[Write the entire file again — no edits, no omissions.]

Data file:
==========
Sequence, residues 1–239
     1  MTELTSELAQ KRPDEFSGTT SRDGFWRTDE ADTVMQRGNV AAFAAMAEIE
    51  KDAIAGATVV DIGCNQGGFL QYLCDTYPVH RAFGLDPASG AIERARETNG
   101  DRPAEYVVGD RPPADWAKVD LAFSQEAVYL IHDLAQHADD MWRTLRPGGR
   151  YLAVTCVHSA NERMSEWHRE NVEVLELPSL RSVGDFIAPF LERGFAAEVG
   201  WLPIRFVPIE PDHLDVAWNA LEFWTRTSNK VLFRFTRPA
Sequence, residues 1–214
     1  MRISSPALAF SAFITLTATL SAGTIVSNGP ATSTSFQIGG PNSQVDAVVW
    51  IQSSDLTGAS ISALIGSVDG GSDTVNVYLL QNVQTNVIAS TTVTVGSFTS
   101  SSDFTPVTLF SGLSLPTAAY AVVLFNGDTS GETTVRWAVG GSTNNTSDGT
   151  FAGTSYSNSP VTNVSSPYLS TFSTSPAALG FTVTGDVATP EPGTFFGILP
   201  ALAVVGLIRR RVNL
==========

Sequence, residues 1–239
     1  MTELTSELAQ KRPDEFSGTT SRDGFWRTDE ADTVMQRGNV AAFAAMAEIE
    51  KDAIAGATVV DIGCNQGGFL QYLCDTYPVH RAFGLDPASG AIERARETNG
   101  DRPAEYVVGD RPPADWAKVD LAFSQEAVYL IHDLAQHADD MWRTLRPGGR
   151  YLAVTCVHSA NERMSEWHRE NVEVLELPSL RSVGDFIAPF LERGFAAEVG
   201  WLPIRFVPIE PDHLDVAWNA LEFWTRTSNK VLFRFTRPA
Sequence, residues 1–214
     1  MRISSPALAF SAFITLTATL SAGTIVSNGP ATSTSFQIGG PNSQVDAVVW
    51  IQSSDLTGAS ISALIGSVDG GSDTVNVYLL QNVQTNVIAS TTVTVGSFTS
   101  SSDFTPVTLF SGLSLPTAAY AVVLFNGDTS GETTVRWAVG GSTNNTSDGT
   151  FAGTSYSNSP VTNVSSPYLS TFSTSPAALG FTVTGDVATP EPGTFFGILP
   201  ALAVVGLIRR RVNL